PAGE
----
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Best trattorias in the Tuscolano neighbourhood: eat where the romans eat

Best trattorias in the Tuscolano neighbourhood: eat where the romans eat

Are you looking for the best trattorias and restaurant in Rome? We have the answer

Do you want to eat where the romans eat? Here are three of the best trattorias in the Tuscolano neighbourhood and surroundings, to enjoy the rich and tasty cuisine of the capital.

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Real travellers eat where the romans eat

Are you or are you not a traveller with a capital T? Don’t stop yourself and go find the best roman trattorias in the Tuscolano neighbourhood. Maybe you’ll find a bit of a language barrier with the staff, but that’s the small price to pay if you want to enjoy the authentic roman cuisine that romans adore.

Trattorias: what are they?

What are trattorias? There are quite a lot of differences between a trattoria and your typical restaurant, and they are characteristic to Italian culture.

1. First of all, don’t expect white tablecloths and an intimate and dim atmosphere: trattorias are completely informal in every aspect, from the mise en place to the service, that can sometimes seem a little rude and rushed, other times warm and welcoming, and exactly what one would expect from an Italian welcome. The indoor space is frugal, apt to contain a lot of people, the service is quite fast because trattorias were born for working class labourers, who had to fill their bellies and immediately get back to work.

2. The dishes are regional, cooked exactly like a roman nonna would: the words “light”, “low fat”, “gluten free” and often “vegetarian” are strictly banned. Here the earth speaks for itself. The dishes are always in season and very tasty, homemade pasta and a good glass of wine. That’s why the menu changes if not every day, very often, and the romans never get tired of eating here.

3. The prices are for the locals, so they are quite low. Often you can choose from menus of lunches with two or three courses for a very good price.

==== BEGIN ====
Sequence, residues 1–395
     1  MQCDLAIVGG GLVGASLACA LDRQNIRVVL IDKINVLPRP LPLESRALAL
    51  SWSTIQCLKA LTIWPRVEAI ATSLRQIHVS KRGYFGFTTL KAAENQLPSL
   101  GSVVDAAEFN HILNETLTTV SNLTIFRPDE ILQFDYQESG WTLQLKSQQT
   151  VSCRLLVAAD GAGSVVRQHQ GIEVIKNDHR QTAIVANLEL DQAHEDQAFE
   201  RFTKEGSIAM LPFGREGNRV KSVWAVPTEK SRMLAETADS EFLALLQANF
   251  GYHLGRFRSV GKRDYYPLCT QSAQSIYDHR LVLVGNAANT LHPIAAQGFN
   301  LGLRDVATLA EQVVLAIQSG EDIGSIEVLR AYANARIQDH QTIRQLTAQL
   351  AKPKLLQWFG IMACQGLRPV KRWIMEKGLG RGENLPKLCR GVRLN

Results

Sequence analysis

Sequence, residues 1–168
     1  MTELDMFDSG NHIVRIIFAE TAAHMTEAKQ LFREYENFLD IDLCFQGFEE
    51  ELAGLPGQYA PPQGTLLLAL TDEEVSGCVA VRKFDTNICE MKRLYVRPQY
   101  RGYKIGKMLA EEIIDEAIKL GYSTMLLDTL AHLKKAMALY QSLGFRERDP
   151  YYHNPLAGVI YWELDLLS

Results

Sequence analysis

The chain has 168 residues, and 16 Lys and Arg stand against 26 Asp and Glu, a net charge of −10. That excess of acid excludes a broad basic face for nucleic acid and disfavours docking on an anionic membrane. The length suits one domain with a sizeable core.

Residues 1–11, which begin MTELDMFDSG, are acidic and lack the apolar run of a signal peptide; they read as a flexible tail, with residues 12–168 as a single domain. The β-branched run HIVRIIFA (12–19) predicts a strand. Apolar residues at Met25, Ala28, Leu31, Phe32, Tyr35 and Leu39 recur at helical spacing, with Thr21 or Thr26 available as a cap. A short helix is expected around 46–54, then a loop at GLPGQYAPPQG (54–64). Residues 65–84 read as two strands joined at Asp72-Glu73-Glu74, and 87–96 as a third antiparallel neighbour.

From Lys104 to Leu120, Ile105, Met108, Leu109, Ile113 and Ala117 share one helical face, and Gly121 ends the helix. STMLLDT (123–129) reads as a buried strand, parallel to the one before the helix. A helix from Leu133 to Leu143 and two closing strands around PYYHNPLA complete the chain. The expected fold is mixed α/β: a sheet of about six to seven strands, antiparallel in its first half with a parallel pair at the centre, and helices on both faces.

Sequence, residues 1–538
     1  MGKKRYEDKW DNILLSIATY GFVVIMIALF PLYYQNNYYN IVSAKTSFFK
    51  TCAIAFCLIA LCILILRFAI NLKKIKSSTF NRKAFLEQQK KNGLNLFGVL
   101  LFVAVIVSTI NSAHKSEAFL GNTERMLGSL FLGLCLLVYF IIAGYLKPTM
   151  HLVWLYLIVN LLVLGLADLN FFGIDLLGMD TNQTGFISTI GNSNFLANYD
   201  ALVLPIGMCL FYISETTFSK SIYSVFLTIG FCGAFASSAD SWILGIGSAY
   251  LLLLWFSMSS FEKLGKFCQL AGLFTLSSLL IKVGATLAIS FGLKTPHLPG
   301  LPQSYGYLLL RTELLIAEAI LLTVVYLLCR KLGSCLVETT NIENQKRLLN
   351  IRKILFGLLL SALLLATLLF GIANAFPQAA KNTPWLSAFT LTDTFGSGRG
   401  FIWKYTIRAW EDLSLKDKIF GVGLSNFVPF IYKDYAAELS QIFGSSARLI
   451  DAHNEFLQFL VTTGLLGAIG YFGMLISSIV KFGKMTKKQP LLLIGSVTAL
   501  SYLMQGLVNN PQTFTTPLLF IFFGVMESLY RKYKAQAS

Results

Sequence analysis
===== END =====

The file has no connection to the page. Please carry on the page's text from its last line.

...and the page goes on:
4. The portions are definitely generous, so don’t opt for any of these trattorias if you’re not properly hungry.

Three trattorias in the Tuscolano neighbourhood: the real roman cuisine

Here are three suggestions on where to eat in an authentic trattoria near the Tuscolano neighbourhood and surroundings. They are often difficult to find, hidden between large apartment buildings and where once you’ve been you’ll be able to say “I ate like the romans!”.

* Priscilla, Via Appia Antica 68

If you’re hungry after a walk in the Appia Antica Park, it’s worth going to lunch in this hidden and rather spartan trattoria, with some of the best roman dishes. For 120 years the Ratini family has run this activity (you’ll find mister Alessandro Ratini in the kitchens, or maybe he’ll even stop by your table for a chat). In this rustic space, the menu is a fantastic example of roman tradition: gricia, tonarelli cacio and pepe, boar meat pappardelle, veal, lemon chicken, tripe and straccetti, and those are just to cite a few.

* Osteria del Velodromo Vecchio, via Genzano 139

The pajata with rigatoni and sugo, one of the most renowned roman recipes, made with the intestine of a calf, is definitely a must in the Osteria del Velodromo Vecchio. It takes its name from the Appia stadium that closed down in the 1960s. While you eat in one of the indoor rooms (or if you prefer there are a few tables out on the veranda) you’ll be able to admire wall of posters and photographs of famous cyclists like Coppi and Bartali, two icons of cycling. But let us go back to the cuisine: they use incredibly high quality ingredients, especially the oil bought directly from the producer. Worthy of mention are the skate broth, tripe, the sour cherry pie and the ricotta, traditional of judaic-roman gastronomy.

* Da Betto e Mary al Mandrioni, Via dei Savorgnan 99

You must be really hungry to go to Betto e Mary, because the servings here are huge at reasonable prices. The speciality of the innkeeper Tommy Spoletini is the offal, the leftover parts of the butchery kept for the people, to eat exactly like the romans! Here you’ll find oxtail ragout, tripe, heart and lungs. No pork however, in line with the Jewish influence on the roman cuisine. Do try the nerves with caper, oil and rucola sugo, a recipe the cooks are quite secretive about.

If you want to eat like the romans near the Tuscolano neighbourhood and surroundings,
book the holiday home Casa Fratocchi

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